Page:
Friday, October 10, 2014
Wednesday, October 8, 2014
We're on our way to Lotte World amusement park this morning. I'm on the bus with the art teacher and the third grade middle schoolers. It's my first time going there. It'll be good to ride a rollercoaster again.
Also: Updates on the way about the first month in the new town, hiking, and attending the KOTESOL International Conference. They conference was quite good because I got to meet Scott Thornbury, the renowned teacher and author, after his plenary talk.
Tuesday, October 7, 2014
The military has a rule that says "Always obey your commanding officer." Teachers have a similar, yet unwritten rule that says "Always support your fellow teachers. Do not contradict them unless you absolutely have to." Teachers need to back up other teachers to establish consistency both within the school and within the classroom. To contradict or go against another teacher means that the student(s) can exploit a weakness and play teachers against one another. It invites power struggles. Power struggles are never good because all parties invariably lose face.
Being the foreign (Guest) teacher only amplifies this point because the language barrier and not knowing all ins and outs of school culture can lead to students playing the Guest teacher against the Korean teacher(s).
I thought of this rule when a student, Jane, came to my desk yesterday to ask about an exam question. It seems she thought the question had more than one possible answer. Right away, I knew I had to tread carefully because although I proofread the exam, I did not write it. I didn't know the answer to that particular question either because Ms. J the co-teacher had written the instructions in Korean and had said not to worry about it. I asked her to explain the question. She did. She asked about whether the expressions she used were right. In my mind, I knew they looked okay, but I also knew that the co-teacher had had a different answer in mind. To say I agreed with Jane would mean contradicting Ms. J'a answer.
After she finished talking, I said, "Okay, I understand, Jane, but I can't help you here."
She nodded and asked, "But, isn't this the right expression?"
"It may be. I don't know. I didn't write the exam. Ms. J did."
"Yes, but you're a teacher too, and I thought you could help..."
I thought she might say that because she didn't know the difference between my job and the Korean teacher's job. We're all English teachers to her, and while yes, we all do teach English, my status as an Guest English Teacher puts me on a different plane than the other Korean teachers. Guest English Teachers follow different procedures than Korean English teachers. For instance, I'm not officially obligated to write exams or record grades for my classes. It's possible, but I don't have to. This alone means that I have no say with other teachers' exams.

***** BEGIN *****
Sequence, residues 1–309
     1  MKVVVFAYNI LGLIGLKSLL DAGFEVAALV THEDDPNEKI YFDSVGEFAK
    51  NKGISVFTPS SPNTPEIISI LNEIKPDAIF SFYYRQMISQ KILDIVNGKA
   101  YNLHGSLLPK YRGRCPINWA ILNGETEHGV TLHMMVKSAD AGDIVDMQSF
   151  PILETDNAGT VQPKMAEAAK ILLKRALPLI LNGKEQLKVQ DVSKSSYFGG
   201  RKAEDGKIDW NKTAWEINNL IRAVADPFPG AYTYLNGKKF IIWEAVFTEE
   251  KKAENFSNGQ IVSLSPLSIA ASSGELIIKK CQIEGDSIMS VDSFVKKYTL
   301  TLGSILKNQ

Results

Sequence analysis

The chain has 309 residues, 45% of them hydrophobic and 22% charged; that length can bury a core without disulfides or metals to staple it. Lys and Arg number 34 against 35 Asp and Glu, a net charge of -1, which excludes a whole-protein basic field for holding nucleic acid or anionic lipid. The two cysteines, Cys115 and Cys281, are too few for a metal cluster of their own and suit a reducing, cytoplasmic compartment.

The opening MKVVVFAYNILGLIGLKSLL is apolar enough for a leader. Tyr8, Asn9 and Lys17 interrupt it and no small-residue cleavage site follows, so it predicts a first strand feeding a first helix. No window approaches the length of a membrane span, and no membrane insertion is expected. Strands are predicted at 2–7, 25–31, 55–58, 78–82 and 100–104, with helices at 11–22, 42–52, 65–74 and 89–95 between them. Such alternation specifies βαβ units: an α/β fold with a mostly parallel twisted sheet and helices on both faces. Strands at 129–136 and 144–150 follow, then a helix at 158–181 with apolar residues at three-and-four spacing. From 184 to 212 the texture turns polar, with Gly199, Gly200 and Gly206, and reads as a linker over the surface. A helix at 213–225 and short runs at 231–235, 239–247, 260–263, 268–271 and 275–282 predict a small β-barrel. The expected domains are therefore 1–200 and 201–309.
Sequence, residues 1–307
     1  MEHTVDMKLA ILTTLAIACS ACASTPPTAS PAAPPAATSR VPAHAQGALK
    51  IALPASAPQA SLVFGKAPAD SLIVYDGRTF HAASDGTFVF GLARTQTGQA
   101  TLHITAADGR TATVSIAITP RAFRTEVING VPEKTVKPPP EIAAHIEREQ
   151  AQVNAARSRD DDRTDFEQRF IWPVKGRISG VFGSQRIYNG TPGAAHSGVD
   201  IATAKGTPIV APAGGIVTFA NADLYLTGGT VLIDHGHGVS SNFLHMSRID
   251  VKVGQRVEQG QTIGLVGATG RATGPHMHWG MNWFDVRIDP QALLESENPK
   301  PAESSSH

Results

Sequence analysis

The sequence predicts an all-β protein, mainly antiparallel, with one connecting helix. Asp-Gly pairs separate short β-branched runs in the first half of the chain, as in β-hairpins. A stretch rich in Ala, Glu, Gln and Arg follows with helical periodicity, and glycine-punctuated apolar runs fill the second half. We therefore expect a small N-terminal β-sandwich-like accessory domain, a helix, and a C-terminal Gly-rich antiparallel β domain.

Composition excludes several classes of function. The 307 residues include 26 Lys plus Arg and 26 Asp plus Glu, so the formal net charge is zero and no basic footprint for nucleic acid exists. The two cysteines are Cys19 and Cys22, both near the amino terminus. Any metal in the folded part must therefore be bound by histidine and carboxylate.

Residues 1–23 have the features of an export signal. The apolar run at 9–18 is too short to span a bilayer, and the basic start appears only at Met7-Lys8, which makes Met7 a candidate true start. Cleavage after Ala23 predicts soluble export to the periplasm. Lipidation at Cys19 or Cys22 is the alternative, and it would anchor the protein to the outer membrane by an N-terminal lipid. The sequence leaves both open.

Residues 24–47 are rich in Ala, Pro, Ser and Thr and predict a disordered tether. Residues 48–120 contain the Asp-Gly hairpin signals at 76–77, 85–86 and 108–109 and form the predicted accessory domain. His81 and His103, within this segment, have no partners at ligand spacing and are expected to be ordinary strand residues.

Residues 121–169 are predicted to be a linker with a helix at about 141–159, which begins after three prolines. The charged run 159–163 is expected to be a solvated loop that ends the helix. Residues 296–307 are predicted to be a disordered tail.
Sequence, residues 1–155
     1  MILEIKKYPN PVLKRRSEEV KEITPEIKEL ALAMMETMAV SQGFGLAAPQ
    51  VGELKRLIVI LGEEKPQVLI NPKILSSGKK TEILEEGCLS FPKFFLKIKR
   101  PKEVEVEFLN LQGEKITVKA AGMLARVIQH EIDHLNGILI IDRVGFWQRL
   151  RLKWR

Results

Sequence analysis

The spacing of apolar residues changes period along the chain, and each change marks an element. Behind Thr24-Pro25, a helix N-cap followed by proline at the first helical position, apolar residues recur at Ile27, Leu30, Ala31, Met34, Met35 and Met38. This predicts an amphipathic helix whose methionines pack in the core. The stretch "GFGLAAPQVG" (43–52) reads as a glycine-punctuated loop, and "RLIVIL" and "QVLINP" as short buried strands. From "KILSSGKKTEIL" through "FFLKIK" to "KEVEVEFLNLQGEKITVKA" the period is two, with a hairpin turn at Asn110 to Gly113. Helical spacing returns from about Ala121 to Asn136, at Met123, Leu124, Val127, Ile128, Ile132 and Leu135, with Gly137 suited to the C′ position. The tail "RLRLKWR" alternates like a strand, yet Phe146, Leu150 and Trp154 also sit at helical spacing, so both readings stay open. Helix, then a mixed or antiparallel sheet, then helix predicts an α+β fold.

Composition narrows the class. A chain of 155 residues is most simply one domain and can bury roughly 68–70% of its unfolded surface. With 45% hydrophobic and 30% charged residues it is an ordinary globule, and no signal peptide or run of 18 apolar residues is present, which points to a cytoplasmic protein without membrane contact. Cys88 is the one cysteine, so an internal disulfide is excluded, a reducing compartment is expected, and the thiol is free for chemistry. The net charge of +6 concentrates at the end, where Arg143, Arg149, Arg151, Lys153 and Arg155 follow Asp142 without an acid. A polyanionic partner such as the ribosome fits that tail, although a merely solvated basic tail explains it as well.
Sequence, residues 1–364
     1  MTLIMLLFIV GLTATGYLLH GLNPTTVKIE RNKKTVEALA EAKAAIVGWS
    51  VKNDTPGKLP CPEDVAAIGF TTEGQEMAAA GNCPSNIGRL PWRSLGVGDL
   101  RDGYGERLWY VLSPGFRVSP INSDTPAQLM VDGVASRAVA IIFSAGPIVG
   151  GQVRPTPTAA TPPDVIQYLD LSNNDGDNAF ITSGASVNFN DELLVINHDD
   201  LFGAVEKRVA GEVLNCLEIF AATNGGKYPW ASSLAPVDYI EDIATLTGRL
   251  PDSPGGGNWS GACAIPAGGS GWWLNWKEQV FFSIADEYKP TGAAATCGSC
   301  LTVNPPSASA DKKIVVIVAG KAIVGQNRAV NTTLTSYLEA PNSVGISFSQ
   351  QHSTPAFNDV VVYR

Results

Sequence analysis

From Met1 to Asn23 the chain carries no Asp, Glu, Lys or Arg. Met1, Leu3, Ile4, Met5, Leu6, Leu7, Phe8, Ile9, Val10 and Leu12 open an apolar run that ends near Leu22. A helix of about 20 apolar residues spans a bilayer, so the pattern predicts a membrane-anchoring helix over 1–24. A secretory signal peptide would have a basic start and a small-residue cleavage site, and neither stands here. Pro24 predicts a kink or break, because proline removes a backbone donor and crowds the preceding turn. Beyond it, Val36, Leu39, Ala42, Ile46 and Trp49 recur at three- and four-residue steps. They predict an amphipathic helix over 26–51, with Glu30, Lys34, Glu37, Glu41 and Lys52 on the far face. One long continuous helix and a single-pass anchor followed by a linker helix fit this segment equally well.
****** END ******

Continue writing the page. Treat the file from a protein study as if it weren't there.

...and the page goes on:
This would be hard to explain to her, but I told her, "Yes, Jane, but the rules for me are different. I cannot help you here. You'll have to talk to Ms. J."
I had no real sway in the matter. To do otherwise would be to put Ms. J in a bind because Jane could say, "Well, Ben said this, but you said that" and put her on the spot. She persisted anyway. She wasn't arguing to argue--quite the contrary, as a passionate learner*, she's dedicated to knowledge for its own sake and simply wanted further explanation. And I couldn't give that to her. Jane eventually said "Okay" and let it go. She thanked me for my time and walked out of the office.
Fellow teachers: back up your colleagues.
*Jane transferred to Gimhwa HS from a high school in Chuncheon recently. She's a teacher's student: she comes to class early, takes good notes, beams a smile everywhere she goes, and studies hard. Her English is nearly as good as the Korean English teachers themselves too. Her advanced abilities play into why she came to my office because students rarely ask me about anything in their regular English classes because they lack the English necessary to explain themselves. They go to their Korean teachers instead.
Wednesday, October 1, 2014
- What do you notice about the poem?
- Have you ever pretended to like something?
- Do you think there is a way to act like a boy or a girl?
- What are girlish things? Boyish things
- Why does the poem end with the word strawberry
- Could you change the poem to be about you?
Wednesday, September 24, 2014
Various scenes involving young people and smart phones between Aug. 2011 and June 2013
Monday, September 22, 2014
I finally got around to watching the classic film Dead Poets Society last night. This scene resonated with me:
Mr. Keating has each guy read a quote from a poem and kick a ball as hard as he can. It combined physical activity with poetry in a way that got me thinking of how (if?) I could do a similar thing in my classes here. At my previous school, my boys middle school teachers suggested going outside and using the soccer field for a lesson or two on sports, but nothing like that has come up at the new school. Not yet, anyway.
Still, while I'd have to change the language used, having the students come outside, yell something life-affirming, and kick a ball sounds like fun. Maybe they could yell something like "I am Min-su and I love my phone!" or "I am So-young and I can run!" I bet the kids would like a chance to get out of the classroom.
More on the film later.
Thursday, September 18, 2014
"Is your beard real?"